Some previous commentaries have referred to the service Bassini supposedly provided as a “finder’s fee”. Within our team we do have some experience with mergers and acquisitions (M&A) work, and we would judge that to be an inaccurate description of what Southall supposedly wanted Bassini to do. “Finder’s Fee” generally describes how an external consultant seeks an M&A target for a client from a number of possible options in the market, and that target is eventually successfully acquired. In this case Southall actually knew the target already. So it’s more accurate to talk about a consultancy project which assists the client in successfully completing the purchase of the target company. Such work usually starts with the consultant contacting the target company on behalf of the client to persuade the company that their client is a serious potential buyer worth meeting. Once that happens the consultant may also assist the client in negotiating the transaction. That might include responsibility for all the due diligence that a buyer should carry out before agreeing the price of the purchase. For all this work a fee of £1.2 million would only be charged by the biggest consultancies for a purchase of a very large company. The fee would cover payment of many hours of work by experienced financial and legal specialists who are part of the consultancy team. Typically such work could last six months before the buyer concludes the transaction. Neither Bassini nor Southall appear to have any record of experience in this kind of work so this will all be news to them. We may conclude though that Bassini has vaguely heard of such fees being charged, and therefore plucked it out of the sky. If it were accepted that Bassini and Southall did make an agreement for such services, a court could consider whether the fee is realistic, and it might consider the nature of the paperwork normally produced by a consultancy for the client to agree to its terms of business (including in particular such a material fee) before any work even commences. No such paperwork is presented by Bassini’s lawyers. However that’s probably irrelevant anyway because it’s very hard to envisage that a valid contract of sufficient detail and certainty would have existed between Bassini and Southall to befit the payment of such a sum, and harder still to envisage that documentation of sufficient detail and certainty exists to evidence that Southall successfully (and with authority) transferred responsibility for payment of the sum from him personally to Charlton. Fortunately for us Bassini’s lawyers Brandsmith’s letter attaches the “agreement” and some invoices relating to it, as well as some emails which they claim have relevance in proving liability for the fee.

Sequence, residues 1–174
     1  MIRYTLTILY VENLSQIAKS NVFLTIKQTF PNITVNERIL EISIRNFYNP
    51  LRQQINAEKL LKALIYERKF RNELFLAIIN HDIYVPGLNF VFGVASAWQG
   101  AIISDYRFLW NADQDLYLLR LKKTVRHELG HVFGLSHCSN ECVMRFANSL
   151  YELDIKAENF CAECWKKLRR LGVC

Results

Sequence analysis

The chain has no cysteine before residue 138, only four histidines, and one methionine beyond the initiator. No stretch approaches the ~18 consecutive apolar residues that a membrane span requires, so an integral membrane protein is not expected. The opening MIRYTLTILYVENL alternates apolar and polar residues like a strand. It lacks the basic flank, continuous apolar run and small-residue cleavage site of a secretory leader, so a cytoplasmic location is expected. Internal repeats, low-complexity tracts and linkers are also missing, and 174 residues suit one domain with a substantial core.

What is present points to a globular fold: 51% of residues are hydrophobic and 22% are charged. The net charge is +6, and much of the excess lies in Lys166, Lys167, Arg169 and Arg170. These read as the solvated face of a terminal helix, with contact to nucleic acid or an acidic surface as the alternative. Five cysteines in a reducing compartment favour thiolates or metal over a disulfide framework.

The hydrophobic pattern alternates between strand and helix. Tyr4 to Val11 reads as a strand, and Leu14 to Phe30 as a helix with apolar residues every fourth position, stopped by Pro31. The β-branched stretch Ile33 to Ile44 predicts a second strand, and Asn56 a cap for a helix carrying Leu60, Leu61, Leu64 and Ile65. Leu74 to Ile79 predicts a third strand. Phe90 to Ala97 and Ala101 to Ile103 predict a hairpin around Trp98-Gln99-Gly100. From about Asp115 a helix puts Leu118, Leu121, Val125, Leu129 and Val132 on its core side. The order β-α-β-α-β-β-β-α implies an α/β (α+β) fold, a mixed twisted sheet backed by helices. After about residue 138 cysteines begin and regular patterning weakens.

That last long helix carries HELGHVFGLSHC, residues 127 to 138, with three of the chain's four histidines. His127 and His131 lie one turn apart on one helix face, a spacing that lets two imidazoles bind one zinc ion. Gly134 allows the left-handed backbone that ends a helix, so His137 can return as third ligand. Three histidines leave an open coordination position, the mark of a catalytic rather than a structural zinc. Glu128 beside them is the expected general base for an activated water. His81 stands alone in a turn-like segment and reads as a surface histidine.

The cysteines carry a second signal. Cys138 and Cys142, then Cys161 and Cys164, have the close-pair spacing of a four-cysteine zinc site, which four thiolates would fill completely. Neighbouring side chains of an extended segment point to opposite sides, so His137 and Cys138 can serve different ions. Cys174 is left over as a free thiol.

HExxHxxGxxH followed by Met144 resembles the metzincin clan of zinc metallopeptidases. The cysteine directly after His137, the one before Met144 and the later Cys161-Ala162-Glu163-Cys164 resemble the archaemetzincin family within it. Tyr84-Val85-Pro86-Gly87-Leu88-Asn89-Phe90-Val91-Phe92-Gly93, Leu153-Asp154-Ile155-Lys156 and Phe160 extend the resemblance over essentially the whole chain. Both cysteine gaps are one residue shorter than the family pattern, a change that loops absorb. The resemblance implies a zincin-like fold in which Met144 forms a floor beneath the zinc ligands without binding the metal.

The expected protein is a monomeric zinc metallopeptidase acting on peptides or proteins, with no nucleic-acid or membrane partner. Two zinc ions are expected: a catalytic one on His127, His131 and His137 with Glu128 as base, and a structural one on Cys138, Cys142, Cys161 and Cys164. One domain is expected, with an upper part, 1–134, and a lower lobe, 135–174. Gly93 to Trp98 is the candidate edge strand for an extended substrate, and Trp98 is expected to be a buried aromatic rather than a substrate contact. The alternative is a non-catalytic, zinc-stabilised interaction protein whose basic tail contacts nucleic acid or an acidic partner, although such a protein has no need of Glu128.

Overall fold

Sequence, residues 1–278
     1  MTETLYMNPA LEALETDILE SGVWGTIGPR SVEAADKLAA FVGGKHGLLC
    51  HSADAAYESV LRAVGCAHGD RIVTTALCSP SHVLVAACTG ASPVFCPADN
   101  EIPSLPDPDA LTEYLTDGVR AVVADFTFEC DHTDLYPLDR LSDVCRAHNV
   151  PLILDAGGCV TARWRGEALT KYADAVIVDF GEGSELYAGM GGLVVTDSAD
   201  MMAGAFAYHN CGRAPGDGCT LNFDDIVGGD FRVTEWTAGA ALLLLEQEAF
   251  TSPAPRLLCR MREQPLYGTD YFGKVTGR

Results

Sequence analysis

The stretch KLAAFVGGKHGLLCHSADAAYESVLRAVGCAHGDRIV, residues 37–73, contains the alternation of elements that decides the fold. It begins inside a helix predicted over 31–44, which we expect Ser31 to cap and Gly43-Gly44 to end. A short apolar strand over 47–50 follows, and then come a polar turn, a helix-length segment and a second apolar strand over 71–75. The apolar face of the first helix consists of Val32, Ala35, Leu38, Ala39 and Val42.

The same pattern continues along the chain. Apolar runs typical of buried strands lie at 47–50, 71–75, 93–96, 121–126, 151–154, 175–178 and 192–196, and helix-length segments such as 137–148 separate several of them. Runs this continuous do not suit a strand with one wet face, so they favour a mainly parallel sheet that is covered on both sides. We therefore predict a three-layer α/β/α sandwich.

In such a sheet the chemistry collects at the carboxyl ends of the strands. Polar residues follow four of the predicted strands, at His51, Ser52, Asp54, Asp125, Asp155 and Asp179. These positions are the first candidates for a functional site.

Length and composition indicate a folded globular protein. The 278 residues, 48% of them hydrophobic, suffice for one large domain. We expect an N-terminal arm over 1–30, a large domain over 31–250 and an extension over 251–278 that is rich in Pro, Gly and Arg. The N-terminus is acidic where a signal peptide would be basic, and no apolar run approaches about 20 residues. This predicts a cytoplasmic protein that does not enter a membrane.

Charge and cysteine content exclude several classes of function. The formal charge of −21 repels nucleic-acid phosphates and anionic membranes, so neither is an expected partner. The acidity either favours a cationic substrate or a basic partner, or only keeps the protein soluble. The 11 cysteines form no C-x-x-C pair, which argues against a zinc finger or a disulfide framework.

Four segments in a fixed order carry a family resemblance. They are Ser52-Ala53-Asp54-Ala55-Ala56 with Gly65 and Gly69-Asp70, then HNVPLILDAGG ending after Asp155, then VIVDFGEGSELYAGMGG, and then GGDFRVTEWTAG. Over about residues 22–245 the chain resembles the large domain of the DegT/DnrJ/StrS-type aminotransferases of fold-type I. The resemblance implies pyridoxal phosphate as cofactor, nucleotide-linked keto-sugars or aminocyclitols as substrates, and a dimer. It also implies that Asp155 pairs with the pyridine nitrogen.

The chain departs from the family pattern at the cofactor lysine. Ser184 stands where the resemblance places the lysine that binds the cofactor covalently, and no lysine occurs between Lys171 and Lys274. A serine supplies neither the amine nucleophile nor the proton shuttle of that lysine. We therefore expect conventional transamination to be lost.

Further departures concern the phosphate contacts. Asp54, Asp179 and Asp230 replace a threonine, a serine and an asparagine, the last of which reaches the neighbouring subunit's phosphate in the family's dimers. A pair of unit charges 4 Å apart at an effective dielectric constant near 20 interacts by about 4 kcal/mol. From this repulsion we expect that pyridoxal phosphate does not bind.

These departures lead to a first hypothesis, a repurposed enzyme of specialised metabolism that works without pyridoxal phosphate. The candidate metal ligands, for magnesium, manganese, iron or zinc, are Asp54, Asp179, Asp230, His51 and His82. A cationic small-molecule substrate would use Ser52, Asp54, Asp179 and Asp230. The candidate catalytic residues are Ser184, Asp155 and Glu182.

So let’s take a closer look. The agreement is Annex A,  attached to the lawyers letter. It has a couple of legal problems which Brandsmith are aware of and which they try to deflect in their letter.